The length of the work is one of the few complaints I have. In Adichie’s obsessive need to create the world of Biafra as realistically for the reader as possible, her details can slow the pacing. This is an emotional novel, and she builds the emotions over time. Also, don’t be expecting to laugh – you barely will.

Will send to Perryfran as a surprise RABCK. It is on his wishlist.

Journal Entry 6 by wingbooklady331wing at Cape Coral, Florida USA on Thursday, May 03, 2018

Released 2 yrs ago (5/3/2018 UTC) at Cape Coral, Florida USA

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Enjoy! A wishlist book (surprise) KTM RABCK to Perryfran

Journal Entry 7 by wingperryfranwing at Elk Grove, California USA on Wednesday, May 09, 2018
Received today along with The Nine Tailors. Thanks for sending these. I'm working on the 1001 book challenge this year and these are both on the list.

This is also No. 4a on the 1001 books you must read before you die list.

Journal Entry 8 by wingperryfranwing at Elk Grove, California USA on Thursday, July 11, 2019
Very powerful and disturbing novel set against the backdrop of the Nigerian Civil War and the founding of Biafra in the late 1960s. The title of the book comes from the symbol and flag of Biafra which is half of a yellow sun.

The novel takes place prior to and during the conflict and is told from the perspective of several different people. There is Ugwu, a young boy who is brought as a houseboy into the household of Odenigbo, a professor at Nsukka University, and his significant other, Olanna. Olanna has a twin sister, Kainene, who is very different from Olanna and very outspoken and opinionated. Her boyfriend is Richard Churchill, a white English writer who came to Nigeria to explore Igbo-Ukwu art. The first part of the novel paints a somewhat idyllic setting where Odenigbo's friends congregate at his house to discuss politics and the state of affairs in Nigeria. Then their life in Nigeria deteriorates when the Muslims in Northern Nigeria start to massacre the minorities including the Igbo who they feel control too much of the commerce in the country. The descriptions of these massacres are very brutal and disturbing and they affect many of the family members of Olanna and Odenigbo who are Igbo. A new republic, called Biafra, is then created by the Igbo leading to the Nigerian Civil War. As a result of the conflict, Olanna, Odenigbo, their infant daughter, whom they refer to only as "Baby", and Ugwu are forced to flee Nsukka and finally end up in the refugee town of Umuahia, where they suffer as a result of food shortages and the constant air raids and paranoid atmosphere. The novel shifts in time from the early 1960s to the late 60s and tells of some infidelities between Odenigbo and a servant of his mother and of Olanna and Richard. However, these affairs are later overshadowed by the horrors of the war.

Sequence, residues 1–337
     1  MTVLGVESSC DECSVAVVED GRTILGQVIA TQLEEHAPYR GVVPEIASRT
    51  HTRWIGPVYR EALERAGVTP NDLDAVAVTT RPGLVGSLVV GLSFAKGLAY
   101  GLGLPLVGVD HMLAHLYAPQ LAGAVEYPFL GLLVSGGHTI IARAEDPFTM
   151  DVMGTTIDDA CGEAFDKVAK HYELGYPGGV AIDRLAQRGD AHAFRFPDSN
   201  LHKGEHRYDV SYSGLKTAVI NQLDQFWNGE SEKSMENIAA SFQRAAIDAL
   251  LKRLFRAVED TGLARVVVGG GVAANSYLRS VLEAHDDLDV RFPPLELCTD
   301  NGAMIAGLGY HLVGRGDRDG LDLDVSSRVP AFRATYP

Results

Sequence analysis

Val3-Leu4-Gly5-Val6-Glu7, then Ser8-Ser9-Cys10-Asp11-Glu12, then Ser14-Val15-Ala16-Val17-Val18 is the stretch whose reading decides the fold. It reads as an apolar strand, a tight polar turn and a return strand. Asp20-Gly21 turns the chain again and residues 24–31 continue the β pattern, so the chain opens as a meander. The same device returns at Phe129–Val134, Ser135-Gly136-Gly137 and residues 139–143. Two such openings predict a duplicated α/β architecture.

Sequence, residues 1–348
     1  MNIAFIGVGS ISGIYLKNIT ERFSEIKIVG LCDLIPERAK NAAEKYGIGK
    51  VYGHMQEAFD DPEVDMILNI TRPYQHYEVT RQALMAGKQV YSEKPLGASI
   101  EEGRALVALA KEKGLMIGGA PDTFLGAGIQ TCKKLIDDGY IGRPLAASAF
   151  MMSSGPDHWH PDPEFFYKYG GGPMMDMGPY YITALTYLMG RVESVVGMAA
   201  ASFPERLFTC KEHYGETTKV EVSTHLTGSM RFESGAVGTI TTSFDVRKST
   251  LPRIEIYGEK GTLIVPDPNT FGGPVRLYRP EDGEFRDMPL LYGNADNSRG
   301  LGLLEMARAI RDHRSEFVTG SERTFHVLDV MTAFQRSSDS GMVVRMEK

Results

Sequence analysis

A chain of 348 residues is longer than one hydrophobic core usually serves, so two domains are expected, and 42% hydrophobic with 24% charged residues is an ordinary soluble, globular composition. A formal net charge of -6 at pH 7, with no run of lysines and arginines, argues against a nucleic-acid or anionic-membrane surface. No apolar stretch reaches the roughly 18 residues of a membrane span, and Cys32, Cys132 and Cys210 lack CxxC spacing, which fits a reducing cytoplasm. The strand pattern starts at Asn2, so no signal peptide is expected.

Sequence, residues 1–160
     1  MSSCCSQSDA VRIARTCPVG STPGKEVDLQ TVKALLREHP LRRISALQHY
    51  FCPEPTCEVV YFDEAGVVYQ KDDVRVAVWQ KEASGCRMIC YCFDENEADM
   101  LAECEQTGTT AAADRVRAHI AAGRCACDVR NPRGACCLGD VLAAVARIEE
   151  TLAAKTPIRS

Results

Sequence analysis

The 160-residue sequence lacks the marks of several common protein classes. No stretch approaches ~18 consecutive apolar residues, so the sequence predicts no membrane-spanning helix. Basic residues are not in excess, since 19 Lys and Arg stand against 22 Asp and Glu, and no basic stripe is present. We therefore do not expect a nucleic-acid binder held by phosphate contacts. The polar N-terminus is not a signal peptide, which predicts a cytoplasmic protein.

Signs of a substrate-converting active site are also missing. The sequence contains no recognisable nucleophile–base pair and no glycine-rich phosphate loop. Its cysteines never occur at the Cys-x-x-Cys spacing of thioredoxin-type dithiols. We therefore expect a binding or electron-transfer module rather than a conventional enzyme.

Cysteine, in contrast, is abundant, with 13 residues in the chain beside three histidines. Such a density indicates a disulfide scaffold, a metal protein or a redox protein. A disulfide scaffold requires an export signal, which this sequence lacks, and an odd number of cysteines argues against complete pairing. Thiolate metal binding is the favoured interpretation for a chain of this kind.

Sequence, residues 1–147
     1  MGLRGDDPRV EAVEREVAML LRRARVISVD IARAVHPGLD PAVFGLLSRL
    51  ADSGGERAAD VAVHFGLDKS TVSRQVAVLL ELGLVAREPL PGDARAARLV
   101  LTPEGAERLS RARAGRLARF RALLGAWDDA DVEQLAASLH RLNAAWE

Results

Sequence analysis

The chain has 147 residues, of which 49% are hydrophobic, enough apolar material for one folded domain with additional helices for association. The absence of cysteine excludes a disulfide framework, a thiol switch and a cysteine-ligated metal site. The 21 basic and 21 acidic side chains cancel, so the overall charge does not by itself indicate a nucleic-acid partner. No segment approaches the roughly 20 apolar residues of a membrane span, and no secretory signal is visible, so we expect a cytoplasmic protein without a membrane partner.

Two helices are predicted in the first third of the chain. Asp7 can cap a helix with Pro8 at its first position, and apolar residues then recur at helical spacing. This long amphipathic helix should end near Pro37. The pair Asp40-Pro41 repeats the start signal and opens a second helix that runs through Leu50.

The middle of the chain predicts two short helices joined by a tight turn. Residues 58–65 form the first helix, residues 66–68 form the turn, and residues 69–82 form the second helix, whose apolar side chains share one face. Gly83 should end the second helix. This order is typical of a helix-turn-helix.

Part of the strategy of the Nigerians was to cut off the food supply to Biafra which resulted in thousands of deaths. I remember when this conflict was occurring, there were often pictures in the news of starving children with extended bellies and bald heads. I never knew until reading this book that this was caused by a lack of protein in the diet and is called kwashiorkor. This book was very enlightening about what happened in Biafra and lays a lot of the blame on England for supplying arms to the Nigerians and on America for standing by and letting this happen. As Richard states to some American reporters in the book, "Power comes with responsibility. Your government knows that people are dying!" Reading about war is always horrific and this novel was very hard to stomach in some places but the writing was powerful and I would definitely recommend it.


Read this as part of the 1001 list challenge for 2019

Journal Entry 9 by wingperryfranwing at Wishlist Tag Game , A Bookcrossing member -- Controlled Releases on Thursday, July 11, 2019

Released 1 yr ago (7/10/2019 UTC) at Wishlist Tag Game , A Bookcrossing member -- Controlled Releases

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Sending to Queen72 as a wishlist tag.

Journal Entry 10 by Queen72 at Hobbs, New Mexico USA on Saturday, July 20, 2019
Picked this one up from the PO today. Thanks for sending it my way!

Journal Entry 11 by Queen72 at Hobbs, New Mexico USA on Wednesday, February 26, 2020
The author’s ability to draw you into the horrors of war was truly jarring and horrific. It’s fascinating and well-written and you really become immersed in the lives of Ugwu, Odenigbo, Olanna and Richard. It’s a story about love, loyalty, and revolution.
I read this for PopSugar’s 2020 reading challenge prompt: A book on a subject you know nothing about (Biafran War).

Journal Entry 12 by Queen72 at Hobbs, New Mexico USA on Wednesday, February 26, 2020

Released 4 mos ago (2/26/2020 UTC) at Hobbs, New Mexico USA

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Sending to adrienne10 as part of the USA & Canada Wishlist Tag Game 2020 .

Journal Entry 13 by wingadrienne10wing at Seattle, Washington USA on Saturday, February 29, 2020
Arrived in today's mail. Looks like readers like it a lot! I look forward to reading it!